Adventures in Bathroom Solitaire

What are the odds?  I get asked this by my non-Stats friends from time to time.  They usually don’t expect me to actually go to my thinking place (my thinking place deserves its own blog post) and calculate the odds.  Not so with my friend Sarah, who has been steadfast in her curiosity.   I started working on her problem yesterday.

Sarah loves to play a game called “Bathroom Solitaire” (also called One-Handed Solitaire) which is a bit of a family tradition for her.  Both Sarah and her mother have been playing this game for decades.   Bathroom solitaire owes its whimsical name to the fact that you can play it while holding all the cards in one hand, thus inspiring a fair amount of multi-tasking.

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Extracurricular activity

I recently read in Inside Science that physicists had applied network analytic tools to discover whether three classic myths: Beowulf, the Iliad, and Tain Bo Cuailnge, were based in real life events (Here is the original article).    In a project that probably fell to some undergrad RA, the characters from each of the three stories were entered in a database, and links, coded as either hostile or friendly, were assigned between the characters who had relationships.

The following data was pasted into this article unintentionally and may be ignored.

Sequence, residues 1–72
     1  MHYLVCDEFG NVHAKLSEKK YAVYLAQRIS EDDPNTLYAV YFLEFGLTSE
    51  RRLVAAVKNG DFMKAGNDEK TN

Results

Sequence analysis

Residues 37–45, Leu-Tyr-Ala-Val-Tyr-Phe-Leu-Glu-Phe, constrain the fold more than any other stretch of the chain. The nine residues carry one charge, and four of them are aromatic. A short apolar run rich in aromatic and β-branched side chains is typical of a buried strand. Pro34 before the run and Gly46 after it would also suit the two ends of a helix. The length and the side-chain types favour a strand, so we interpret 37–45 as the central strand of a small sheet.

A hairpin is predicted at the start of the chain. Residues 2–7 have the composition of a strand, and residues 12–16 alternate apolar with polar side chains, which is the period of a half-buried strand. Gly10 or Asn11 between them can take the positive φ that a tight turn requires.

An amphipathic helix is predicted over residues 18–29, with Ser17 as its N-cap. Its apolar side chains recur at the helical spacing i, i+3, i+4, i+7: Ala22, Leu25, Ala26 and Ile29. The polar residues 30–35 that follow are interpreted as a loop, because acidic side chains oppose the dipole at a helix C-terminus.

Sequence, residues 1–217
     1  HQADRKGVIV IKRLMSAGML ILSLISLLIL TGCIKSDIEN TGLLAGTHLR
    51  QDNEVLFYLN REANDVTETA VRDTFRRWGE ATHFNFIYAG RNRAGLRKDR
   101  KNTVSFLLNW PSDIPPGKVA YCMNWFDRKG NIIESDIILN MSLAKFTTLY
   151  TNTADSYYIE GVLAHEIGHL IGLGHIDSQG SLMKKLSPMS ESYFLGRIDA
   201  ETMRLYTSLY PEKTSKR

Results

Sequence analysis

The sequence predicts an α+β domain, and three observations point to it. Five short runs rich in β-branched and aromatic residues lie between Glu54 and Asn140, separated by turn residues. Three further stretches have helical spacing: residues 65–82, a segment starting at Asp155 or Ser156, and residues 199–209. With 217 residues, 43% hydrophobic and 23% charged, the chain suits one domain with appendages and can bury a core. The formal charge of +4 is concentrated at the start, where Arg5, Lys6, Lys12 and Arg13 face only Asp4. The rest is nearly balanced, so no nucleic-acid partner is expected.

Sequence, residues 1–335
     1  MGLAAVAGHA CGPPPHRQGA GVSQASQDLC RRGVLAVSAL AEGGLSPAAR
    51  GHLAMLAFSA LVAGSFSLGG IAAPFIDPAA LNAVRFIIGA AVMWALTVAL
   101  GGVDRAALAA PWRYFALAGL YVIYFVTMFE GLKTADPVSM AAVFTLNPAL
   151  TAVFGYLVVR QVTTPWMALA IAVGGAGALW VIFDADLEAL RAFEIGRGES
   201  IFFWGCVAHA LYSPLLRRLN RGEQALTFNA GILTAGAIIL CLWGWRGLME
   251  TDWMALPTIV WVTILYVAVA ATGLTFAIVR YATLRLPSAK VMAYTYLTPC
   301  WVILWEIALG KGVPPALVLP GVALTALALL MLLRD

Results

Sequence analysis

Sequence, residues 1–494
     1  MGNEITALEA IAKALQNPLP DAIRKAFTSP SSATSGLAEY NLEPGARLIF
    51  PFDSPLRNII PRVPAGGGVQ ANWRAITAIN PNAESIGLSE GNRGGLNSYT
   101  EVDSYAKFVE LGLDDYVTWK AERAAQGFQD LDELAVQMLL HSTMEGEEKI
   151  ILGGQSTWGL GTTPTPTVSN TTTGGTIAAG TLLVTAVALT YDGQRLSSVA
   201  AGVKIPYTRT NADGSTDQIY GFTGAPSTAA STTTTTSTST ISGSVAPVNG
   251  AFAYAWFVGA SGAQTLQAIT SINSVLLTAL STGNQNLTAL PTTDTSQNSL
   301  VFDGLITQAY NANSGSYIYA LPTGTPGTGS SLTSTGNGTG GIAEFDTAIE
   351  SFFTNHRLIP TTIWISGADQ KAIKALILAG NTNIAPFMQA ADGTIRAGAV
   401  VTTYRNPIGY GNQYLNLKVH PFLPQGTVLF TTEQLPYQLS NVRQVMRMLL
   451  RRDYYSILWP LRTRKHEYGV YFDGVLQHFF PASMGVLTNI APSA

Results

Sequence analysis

According to their coding of the data, Beowulf had 74 characters, the Iliad had 716 characters, and Tain Bo Cuailnge had 404 characters. Once the network was constructed for each myth, they calculated different network statistics, like the mean number of people that each person had links with and whether those with many links tended to be connected with others who had many links (called degree assortativity).  If networks are highly assortative (meaning that people are more likely to be linked with others who have a similar number of links) it is thought that these networks are more true to real life.  They came to the conclusion that the Iliad is the most realistic social network.

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Teaching Statistics with Social Justice

I am in the process of developing an introduction to Probability and Statistics course for incoming undergraduates that will take place this August. I have begun looking for real world data (i.e. messy data sets) that will be relevant to the students. While casting about for data sets, I found the article Critical Values and Transforming Data: Teaching Statistics with Social Justice by Dr. Lawrence Lesser in the Journal of Statistics Education.

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About that Header Image

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First Blog Post

I have decided to start this website as a space to bring together my different interests, mainly focusing on Biostatistics.  I hope to use this website to record my ideas on journal articles that I have read, share cool statistics applications, and hopefully engage with others who share my interests.

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